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Preview: EVE: Valkyrie on Unreal Engine 4

A brand new build for EVE: Valkyrie was unveiled at EVE Fanfest 2014 this week. Played on the second iteration of the Oculus Rift development kit (aka DK2), this new edition of the videogame featured all of the enhancements that were announced in the opening keynote talk for the multiplayer title, including using the Unreal Engine 4 and the vocal talents of Kadee Sachoff as pilot commander Ran.

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The renovations brought about with the move to Unreal Engine 4 are evident from the very start. The cockpit features a huge amount of detail not seen in previous builds and the shape of the ships have been altered dramatically for both better and worse. The style of the craft is without question more aesthetically pleasing, however the external arms are now far greater an obstruction to your view, hindering your attempts to lock-on to enemy craft. Furthermore, joists that hold your screen together block your upward view, demanding that the player make far greater use of the manoeuvrability of their ship as opposed to simply look-panning for a target. EVE Valkyrie has been made a tougher videogame by visual design, but also inherently in its weapon set.

There remains just two weapons available in the title: an automatic rapid-fire weapon and a missile lock. The former acts just as it has in previous builds: straight shooting, aim a little ahead of the enemy so they pass into the path of your expended ammo. The missiles have changed dramatically however. No longer is it a simple case of look-and-shoot.

The missile system builds upon the multiple-shot of the earlier builds by placing each shot as an individual. Five missiles are available per shot, however the lock-on must be held for longer to enable each one to be loaded in turn. The first three are racked-up pretty quickly, but the fourth and fifth take substantially longer. The player can fire the missiles at any point, however the more that are locked-on in any single blast higher the chance of making an impact or the value of the damage therein.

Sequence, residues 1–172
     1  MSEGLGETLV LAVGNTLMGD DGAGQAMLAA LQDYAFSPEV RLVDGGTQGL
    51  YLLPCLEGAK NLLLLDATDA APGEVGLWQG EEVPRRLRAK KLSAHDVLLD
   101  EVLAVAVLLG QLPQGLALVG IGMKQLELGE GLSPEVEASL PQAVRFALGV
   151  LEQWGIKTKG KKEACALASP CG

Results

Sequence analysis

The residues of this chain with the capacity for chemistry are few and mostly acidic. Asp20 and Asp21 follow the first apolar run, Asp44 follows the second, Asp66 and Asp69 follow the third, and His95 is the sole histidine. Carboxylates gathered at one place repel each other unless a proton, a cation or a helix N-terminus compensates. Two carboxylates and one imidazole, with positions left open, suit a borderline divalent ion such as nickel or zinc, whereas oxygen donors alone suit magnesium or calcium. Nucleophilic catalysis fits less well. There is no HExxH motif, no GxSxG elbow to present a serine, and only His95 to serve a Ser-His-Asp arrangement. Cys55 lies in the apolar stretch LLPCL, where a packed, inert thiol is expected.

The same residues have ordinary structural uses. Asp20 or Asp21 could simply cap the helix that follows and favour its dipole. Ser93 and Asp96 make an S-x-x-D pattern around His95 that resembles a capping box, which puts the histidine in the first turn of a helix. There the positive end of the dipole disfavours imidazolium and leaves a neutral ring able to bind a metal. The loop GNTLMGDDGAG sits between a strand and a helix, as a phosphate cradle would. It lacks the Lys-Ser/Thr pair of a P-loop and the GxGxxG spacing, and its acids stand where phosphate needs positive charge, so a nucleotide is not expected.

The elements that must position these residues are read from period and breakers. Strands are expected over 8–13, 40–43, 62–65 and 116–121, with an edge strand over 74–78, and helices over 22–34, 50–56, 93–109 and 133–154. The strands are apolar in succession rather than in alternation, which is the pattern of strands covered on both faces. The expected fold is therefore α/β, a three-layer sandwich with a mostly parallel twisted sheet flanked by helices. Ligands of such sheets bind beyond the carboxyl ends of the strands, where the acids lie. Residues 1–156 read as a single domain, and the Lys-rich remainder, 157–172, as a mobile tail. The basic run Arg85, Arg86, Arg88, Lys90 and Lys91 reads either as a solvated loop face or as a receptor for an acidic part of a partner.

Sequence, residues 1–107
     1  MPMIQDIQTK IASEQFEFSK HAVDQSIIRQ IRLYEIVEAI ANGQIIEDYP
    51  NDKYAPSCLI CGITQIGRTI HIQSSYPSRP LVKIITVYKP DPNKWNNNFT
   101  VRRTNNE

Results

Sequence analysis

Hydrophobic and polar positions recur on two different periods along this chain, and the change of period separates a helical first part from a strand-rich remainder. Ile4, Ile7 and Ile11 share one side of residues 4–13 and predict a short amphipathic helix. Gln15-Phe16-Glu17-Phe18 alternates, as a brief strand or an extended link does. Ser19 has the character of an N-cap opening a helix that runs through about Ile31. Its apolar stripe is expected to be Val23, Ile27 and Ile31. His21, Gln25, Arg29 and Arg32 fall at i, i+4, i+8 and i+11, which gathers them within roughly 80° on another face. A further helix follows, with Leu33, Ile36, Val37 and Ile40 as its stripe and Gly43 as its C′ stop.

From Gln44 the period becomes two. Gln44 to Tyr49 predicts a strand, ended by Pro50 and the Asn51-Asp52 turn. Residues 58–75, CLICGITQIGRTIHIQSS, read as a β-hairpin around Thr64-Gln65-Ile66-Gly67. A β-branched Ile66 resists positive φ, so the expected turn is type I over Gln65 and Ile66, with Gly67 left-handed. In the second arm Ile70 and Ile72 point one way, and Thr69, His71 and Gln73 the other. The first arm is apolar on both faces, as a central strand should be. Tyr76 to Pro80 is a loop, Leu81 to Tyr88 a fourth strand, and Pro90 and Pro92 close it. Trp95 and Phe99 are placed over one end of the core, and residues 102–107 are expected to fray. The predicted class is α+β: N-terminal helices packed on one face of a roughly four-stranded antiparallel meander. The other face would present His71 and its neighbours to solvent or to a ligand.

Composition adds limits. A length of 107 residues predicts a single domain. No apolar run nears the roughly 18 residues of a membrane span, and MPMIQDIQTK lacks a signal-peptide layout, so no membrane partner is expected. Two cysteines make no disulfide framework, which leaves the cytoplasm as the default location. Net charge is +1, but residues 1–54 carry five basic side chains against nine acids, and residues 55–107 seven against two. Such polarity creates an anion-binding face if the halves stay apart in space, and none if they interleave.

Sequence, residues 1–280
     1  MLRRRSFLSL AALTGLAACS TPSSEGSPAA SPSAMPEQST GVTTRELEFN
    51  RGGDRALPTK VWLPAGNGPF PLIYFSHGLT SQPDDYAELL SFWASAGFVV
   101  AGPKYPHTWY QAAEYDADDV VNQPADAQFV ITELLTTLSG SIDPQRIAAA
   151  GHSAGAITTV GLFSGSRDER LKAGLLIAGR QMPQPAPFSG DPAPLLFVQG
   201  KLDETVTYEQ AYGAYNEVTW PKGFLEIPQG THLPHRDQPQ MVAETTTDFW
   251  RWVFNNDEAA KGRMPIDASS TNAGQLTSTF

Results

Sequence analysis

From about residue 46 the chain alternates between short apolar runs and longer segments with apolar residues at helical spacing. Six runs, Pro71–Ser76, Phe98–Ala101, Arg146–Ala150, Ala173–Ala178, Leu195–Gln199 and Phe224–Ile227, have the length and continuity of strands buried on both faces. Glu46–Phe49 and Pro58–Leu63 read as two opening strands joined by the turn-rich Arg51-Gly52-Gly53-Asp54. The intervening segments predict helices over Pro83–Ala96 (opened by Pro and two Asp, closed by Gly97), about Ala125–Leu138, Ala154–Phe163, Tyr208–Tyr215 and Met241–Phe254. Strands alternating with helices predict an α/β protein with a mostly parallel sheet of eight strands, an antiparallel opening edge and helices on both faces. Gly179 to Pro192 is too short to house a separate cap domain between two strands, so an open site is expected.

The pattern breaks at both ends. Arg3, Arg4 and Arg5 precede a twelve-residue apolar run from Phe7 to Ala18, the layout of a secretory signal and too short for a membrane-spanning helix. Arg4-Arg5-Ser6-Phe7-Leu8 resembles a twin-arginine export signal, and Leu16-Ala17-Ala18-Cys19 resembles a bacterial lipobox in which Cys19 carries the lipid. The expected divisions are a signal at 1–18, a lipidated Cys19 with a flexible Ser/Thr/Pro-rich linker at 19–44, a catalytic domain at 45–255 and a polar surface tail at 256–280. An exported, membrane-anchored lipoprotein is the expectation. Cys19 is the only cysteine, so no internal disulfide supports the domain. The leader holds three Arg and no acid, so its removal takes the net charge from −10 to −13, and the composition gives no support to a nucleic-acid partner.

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To counter this new system comes expendable flares. The player now has a clearly visible indicator when the enemy locks onto them and pressing the X button (when using an Xbox 360 pad, presumably the Square button for the eventual Project Morpheus build on PlayStation 4) will deploy your ‘missile countermeasures’; space flares that will provide a decoy should you be quick enough to put distance between them and your craft after deployment.

The remodelling of your craft and the renovation of very specific, central gameplay mechanics are a natural evolution of the design that had perhaps been accelerated thanks to the decision to move to Unreal Engine 4. However the other most notably addition, the comrade in the guise of Sachoff’s Ran, is most certainly a natural progression of a title moving from tech demo to retail product. Ran adds a human element to what was once a very cold, score-based experience. It’s no longer a matter of what number you receive at the end of the fight, but rather how you play your part in the mission given. In this first instance, Ran tasked a small squad to hold-off the enemy while an allied unit made its escape. The fact that this information is relayed in a small amount of dialogue prior to the mission adds more urgency to it; the narration during and commentary post is merely confirmation of your glorious success or crushing defeat.

Played on a DK2, EVE: Valkyrie was still limited by the flaws of the hardware. However the constant progression of the title as a high profile virtual reality (VR) experience leaves VRFocus in no doubt that CCP Games will create something worthy of its position as a headline act. EVE: Valkyrie has become more impressive with every iteration, and as a frontline project for both Oculus Rift and Project Morpheus, that’s never been more important for the future of VR.